(zeh ruhb' buh behl) Personal name meaning, “descendant of Babel.” The grandson of King Jehoiachin (taken to Babylon in the first Exile in 597 B.C. by Nebuchadnezzar;
2 Kings 24:10-17) and the son of Shealtiel (Ezra 3:2), second son of Jehoiachin (1 Chronicles 3:16-17). He is named in Ezra 2:2 among the leaders of those who returned from Exile. The list in
Ezra 2:1-67 (compare
Nehemiah 7:6-73) probably names people who returned in 539, the first year of the reign of Cyrus the Great, ruler of the Persian Empire (Ezra 1:1), or between 539 and 529, despite the contention of many American scholars that the list belongs to an unmentioned second return led by Zerubbabel in 521/20.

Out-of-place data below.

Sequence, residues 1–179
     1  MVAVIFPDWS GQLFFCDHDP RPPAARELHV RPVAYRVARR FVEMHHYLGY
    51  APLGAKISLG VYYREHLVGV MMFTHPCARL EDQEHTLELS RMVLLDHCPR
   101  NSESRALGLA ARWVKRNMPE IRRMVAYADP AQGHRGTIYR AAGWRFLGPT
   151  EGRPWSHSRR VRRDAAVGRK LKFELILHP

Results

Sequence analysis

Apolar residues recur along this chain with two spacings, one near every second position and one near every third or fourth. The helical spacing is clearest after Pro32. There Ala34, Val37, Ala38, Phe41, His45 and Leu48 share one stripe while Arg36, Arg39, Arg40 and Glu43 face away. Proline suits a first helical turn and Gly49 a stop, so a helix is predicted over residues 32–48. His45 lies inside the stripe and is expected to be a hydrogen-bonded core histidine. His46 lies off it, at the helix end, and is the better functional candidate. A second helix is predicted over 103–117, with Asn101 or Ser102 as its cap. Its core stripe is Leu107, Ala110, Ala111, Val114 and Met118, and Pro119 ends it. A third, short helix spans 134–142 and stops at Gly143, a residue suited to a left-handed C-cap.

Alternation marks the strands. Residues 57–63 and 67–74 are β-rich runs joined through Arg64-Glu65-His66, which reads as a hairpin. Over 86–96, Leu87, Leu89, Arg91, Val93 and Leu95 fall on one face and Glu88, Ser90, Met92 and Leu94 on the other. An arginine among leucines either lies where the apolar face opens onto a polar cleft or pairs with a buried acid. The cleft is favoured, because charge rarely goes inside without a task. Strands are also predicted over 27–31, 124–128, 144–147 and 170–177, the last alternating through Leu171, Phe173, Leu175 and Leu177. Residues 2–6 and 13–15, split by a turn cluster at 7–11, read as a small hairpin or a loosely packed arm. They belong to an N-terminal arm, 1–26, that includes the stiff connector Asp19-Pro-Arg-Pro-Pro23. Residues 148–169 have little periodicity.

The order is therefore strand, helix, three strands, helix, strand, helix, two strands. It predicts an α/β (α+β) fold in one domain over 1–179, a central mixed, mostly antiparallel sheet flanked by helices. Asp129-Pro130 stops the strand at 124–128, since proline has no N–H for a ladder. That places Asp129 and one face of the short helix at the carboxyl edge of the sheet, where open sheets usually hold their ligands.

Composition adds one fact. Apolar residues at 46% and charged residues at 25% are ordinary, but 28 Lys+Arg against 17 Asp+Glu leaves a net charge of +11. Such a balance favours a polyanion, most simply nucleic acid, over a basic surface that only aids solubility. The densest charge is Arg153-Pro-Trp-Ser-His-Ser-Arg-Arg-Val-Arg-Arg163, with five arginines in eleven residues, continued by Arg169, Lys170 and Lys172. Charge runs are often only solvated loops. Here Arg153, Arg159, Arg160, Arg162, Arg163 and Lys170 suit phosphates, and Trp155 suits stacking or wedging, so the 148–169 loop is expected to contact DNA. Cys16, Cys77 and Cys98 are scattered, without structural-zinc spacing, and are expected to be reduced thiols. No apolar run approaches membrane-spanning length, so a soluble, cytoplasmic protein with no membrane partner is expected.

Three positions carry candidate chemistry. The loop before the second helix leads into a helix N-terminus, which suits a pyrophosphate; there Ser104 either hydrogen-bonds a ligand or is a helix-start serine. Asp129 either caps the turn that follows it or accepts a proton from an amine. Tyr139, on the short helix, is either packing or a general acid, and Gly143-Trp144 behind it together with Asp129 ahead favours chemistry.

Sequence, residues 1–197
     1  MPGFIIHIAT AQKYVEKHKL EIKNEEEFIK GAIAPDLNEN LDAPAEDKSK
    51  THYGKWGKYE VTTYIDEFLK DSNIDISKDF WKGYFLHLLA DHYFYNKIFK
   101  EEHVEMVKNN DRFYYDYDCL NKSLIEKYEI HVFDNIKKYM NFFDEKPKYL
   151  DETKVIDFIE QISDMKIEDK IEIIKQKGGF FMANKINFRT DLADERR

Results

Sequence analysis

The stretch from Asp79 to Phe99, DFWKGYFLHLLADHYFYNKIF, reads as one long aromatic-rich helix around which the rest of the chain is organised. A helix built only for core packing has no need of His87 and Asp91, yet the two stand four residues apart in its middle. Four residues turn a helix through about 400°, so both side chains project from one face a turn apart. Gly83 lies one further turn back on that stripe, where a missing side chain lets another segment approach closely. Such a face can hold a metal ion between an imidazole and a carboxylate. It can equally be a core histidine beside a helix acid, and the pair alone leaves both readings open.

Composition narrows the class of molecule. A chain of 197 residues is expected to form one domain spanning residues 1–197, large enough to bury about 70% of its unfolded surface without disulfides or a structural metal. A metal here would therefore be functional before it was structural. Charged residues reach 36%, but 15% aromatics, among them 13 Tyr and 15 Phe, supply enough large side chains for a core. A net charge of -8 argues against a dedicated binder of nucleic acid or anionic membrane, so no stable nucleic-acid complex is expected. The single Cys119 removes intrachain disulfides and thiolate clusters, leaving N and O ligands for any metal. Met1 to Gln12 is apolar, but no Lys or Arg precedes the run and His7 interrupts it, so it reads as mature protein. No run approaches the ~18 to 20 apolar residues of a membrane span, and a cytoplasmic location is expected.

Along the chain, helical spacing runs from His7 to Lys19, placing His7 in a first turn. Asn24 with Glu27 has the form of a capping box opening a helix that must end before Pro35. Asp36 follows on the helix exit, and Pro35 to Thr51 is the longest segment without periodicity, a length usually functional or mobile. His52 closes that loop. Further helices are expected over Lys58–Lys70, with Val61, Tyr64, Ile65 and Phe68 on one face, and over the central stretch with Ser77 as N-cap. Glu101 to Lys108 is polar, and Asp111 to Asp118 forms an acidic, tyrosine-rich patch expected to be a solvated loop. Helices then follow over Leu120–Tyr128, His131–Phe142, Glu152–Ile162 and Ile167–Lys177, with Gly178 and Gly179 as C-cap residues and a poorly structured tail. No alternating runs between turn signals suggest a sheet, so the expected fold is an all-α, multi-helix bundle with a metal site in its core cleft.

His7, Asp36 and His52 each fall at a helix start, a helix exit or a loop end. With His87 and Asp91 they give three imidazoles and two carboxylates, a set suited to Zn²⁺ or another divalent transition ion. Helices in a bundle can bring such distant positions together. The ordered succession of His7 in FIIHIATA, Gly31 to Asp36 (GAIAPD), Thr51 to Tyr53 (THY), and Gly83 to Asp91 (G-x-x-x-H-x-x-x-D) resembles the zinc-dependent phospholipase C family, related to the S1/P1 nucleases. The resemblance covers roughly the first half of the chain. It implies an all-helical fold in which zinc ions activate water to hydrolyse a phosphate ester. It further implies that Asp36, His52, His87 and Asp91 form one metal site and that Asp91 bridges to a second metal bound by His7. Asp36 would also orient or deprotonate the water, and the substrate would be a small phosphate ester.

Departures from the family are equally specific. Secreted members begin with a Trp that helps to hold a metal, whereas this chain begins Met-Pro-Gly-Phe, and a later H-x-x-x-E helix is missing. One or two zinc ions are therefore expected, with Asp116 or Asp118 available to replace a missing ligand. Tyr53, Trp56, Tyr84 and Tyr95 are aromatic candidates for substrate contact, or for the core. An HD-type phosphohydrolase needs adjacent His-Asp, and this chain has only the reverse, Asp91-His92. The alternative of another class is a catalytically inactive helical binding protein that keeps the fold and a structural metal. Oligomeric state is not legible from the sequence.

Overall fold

Ezra 3:1, Zerubbabel and Jeshua (or Joshua, the high priest) rebuilt the altar and in their second year (538?) laid the foundation of the Temple, but their work was halted by opposition from persons who had remained in Palestine during the Exile (Ezra 4:1-6,Ezra 4:24). Darius (Persian emperor from 522–486 B.C.) granted the Jews permission to continue rebuilding the Temple (Ezra 6:1-12). Under the urging of Haggai (Haggai 1:1,Haggai 1:12-15;
Haggai 2:1,Haggai 2:20) and Zechariah (Zechariah 4:6-10), Zerubabel, now governor (Haggai 1:1) in place of Sheshbazzar (Ezra 5:14), resume the task (Ezra 5:1-2), completed in 515 B.C.
Zerubbabel himself, however, disappeared from view. He was a Davidic prince, so it is possible that the Jews tried to crown him king during the civil war surrounding the rise of Darius as emperor (522/21).
Zechariah 6:9-14 may reflect the wish to crown Zerubbabel, but his fate remains unknown. See Babylon; Israel; Zechariah.
Paul L. Redditt